• Each prime mover/generator combination 70, 72 and 74, 76 may be controlled independently of each other based on control signals received from the programmable controller 80 that may be implemented as a single control unit or may be implemented in numerous ways as a distributed controller, based on the particular application. In this way, one group 62 of motor-driven pumps 22 can function to generate a desired wellhead pressure for a first gas well; while a second group 64 of motor-driven pumps 22 can function to generate a desired wellhead pressure for a second gas well independent of the first group 62 of motor-driven pumps 22. The number of motor-driven pump groups is limited only by the particular application, and is theoretically unlimited. According to one embodiment, the programmable controller 80 receives a single feedback signal from each group 62, 64 of motor-driven pumps 22 rather than a plurality of signals comprising a signal associated with each individual motor-driven pump 22. In this way, the programmable controller 80 controls each group 62, 64 of motor-driven pumps 22 based on a single feedback signal to achieve a desired pumping load characteristic such as, without limitation, wellhead pressure or pumping load flow rate associated with the corresponding high pressure manifold 47, 49. Thus, control of each group 62, 64 of motor-driven pumps 22 is based on a corresponding feedback signal that is common to all of the motors 24 and pumps 22 within the corresponding group.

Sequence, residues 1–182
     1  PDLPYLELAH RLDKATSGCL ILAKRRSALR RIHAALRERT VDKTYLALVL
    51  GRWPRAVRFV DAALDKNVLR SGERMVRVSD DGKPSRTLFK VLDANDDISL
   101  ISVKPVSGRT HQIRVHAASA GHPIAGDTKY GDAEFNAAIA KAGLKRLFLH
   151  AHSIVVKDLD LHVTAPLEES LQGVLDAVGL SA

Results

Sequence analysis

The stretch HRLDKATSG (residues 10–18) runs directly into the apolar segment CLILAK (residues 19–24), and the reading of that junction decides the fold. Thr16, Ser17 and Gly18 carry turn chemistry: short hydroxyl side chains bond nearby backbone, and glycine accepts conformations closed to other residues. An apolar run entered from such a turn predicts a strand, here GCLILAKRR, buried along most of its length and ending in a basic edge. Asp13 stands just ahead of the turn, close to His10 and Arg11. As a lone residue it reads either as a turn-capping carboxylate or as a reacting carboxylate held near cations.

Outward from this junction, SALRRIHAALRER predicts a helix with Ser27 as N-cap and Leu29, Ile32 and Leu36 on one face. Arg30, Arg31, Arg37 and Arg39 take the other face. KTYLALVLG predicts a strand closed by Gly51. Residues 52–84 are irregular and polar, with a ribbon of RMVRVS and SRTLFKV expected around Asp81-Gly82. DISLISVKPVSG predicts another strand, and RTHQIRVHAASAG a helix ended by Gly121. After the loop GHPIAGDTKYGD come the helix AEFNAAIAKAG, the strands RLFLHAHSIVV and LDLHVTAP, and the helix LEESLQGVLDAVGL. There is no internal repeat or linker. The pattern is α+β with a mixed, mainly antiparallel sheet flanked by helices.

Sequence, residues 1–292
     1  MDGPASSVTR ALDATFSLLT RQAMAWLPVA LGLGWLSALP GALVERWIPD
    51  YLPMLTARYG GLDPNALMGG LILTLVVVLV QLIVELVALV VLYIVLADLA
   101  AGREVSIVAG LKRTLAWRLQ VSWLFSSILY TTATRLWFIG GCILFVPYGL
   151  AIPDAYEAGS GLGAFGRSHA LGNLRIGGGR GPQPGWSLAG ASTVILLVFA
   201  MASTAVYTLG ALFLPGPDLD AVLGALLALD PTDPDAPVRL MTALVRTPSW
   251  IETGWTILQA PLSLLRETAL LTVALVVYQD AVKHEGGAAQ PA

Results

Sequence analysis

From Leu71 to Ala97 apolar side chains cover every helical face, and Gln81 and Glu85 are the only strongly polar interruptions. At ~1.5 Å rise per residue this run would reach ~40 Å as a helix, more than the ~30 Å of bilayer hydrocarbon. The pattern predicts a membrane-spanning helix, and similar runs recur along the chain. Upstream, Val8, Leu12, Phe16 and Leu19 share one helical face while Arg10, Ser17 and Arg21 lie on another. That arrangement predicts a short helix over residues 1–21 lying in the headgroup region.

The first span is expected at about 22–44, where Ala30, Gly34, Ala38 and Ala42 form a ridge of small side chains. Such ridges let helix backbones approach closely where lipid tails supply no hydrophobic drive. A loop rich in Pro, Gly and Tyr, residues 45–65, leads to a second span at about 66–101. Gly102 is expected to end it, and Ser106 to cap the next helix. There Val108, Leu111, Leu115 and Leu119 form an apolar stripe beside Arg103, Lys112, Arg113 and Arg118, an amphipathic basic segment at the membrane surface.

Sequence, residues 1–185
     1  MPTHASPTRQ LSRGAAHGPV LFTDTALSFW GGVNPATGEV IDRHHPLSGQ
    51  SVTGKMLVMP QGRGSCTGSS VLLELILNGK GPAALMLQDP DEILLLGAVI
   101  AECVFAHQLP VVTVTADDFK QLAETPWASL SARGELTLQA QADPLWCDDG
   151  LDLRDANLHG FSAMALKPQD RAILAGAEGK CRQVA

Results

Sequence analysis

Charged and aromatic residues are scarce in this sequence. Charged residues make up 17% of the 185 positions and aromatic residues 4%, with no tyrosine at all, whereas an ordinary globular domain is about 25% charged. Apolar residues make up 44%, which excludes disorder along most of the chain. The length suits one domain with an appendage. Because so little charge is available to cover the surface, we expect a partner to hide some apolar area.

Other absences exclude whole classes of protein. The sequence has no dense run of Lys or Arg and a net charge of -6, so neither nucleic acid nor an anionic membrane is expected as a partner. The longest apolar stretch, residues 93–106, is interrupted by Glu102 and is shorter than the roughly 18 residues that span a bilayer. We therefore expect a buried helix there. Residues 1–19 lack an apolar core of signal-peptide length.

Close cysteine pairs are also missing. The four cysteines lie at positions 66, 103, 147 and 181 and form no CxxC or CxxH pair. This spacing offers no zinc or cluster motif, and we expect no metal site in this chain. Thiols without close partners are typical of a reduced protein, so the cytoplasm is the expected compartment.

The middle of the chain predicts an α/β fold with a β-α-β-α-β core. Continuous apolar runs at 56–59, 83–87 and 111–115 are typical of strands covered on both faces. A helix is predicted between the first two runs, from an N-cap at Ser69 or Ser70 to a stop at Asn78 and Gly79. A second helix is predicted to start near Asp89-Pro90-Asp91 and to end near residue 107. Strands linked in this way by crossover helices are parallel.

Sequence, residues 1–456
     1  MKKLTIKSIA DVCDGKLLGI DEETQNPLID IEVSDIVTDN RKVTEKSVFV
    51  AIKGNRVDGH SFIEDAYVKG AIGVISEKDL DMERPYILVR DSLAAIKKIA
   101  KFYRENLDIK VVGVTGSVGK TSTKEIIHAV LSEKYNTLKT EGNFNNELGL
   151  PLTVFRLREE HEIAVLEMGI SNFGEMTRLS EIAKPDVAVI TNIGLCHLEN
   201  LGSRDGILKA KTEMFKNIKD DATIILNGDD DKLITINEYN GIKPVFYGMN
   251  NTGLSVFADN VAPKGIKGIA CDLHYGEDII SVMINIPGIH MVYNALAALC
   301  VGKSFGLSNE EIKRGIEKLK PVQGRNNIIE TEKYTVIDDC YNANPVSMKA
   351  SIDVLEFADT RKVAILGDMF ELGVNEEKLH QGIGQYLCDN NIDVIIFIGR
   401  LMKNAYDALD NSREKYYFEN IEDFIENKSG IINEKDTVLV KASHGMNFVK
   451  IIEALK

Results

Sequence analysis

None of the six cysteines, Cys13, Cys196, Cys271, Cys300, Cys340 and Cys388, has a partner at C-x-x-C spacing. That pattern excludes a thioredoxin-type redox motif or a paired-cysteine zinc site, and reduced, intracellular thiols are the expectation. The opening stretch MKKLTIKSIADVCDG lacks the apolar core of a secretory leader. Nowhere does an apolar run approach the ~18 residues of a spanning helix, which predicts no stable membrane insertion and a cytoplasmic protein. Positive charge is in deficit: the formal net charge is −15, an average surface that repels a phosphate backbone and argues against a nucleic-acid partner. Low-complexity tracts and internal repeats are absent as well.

• The programmed controller 80 may include a processor and a memory device. The processor includes any suitable programmable circuit which may include one or more systems and microcontrollers, microprocessors, reduced instruction set circuits (RISC), digital signal processors (DSPs), application specific integrated circuits (ASIC), programmable logic circuits (PLC), field programmable gate arrays (FPGA), and any other circuit capable of executing the functions described herein. The above examples are exemplary only, and thus are not intended to limit in any way the definition and/or meaning of the term “processor.” The memory device includes a computer readable medium, such as, without limitation, random access memory (RAM), flash memory, a hard disk drive, a solid state drive, a diskette, a flash drive, a compact disc, a digital video disc, and/or any suitable device that enables the processor to store, retrieve, and/or execute instructions and/or data.